The problem is that collaboration, design, science, and even basic conversation is messy.  It does not conform to schedules, timetables, and clear agendas.  Don’t get me wrong – agendas have their place; the bigger the meeting, the more important they are.  But for daily interactions, sometimes you just have to go down the hall, pick up the phone, or (dare I say, as a last resort) send the email – no pre-meeting agenda required.

This means that those recurring meetings may not be required if no one has anything to share.  And they may not if, during the week, they have informally sat down together as groups of two or three to work out a resolution or a plan.  If your job requires synthesizing, analyzing, recommending, or planning based around some set of information, you don’t have to wait for the meeting to get it.

Logarithmic January 23, 2012

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For the record, my past article in 2006 on…well…you know… tallied up at just over 0.91%.  The document that I used as a reference (from 1992) came up to 0.67%.  Either I’m right on track, or way ahead of my time…

Though 100 years is longer than a lot of our resources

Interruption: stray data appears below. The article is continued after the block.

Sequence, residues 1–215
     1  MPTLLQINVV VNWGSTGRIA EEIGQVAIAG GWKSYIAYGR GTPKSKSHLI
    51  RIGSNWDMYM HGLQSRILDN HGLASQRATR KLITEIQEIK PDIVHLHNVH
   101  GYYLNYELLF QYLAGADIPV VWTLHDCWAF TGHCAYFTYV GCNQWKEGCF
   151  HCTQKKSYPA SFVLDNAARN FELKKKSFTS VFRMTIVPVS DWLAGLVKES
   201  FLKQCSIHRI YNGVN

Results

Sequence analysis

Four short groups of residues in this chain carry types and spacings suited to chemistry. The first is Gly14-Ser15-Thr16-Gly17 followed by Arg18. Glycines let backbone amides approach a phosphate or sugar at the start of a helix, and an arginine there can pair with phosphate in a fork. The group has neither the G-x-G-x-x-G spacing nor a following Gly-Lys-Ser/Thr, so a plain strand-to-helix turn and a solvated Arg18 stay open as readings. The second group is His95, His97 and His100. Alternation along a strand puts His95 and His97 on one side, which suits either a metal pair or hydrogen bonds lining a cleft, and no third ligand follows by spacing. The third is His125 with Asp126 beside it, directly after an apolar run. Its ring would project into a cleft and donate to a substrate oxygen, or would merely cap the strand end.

{click for full size image}

Government vs. Corporations January 19, 2012

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It’s interesting and puzzling that corporations represent “them” while government supposedly represents “us”.  Those supporting the Occupy movements want, among other things, greater accountability for corporations when it comes to social responsibility – through additional regulations and enforcement, one assumes.

But corporations are “us” as well.  Both institutions represent us in different ways.  And regardless of their respective “motivations”, they are both just organizations of individuals.  A corporation has no conscience to speak of – but nor does government.

Somehow, we are to believe that one organization is in a better position to decide the fate of another organization, when both are operated by inherently flawed individuals – and those individuals are ALL of us to some degree or another.  Supposedly, the government organization is more attuned to the pleas of the 99% than the corporations, which I guess therefore represent the 1%.  Or something like that.

I have not seen evidence of this as of yet.  In the meantime, it’s really just a lot of noise.

Improving People, Improving Organizations January 16, 2012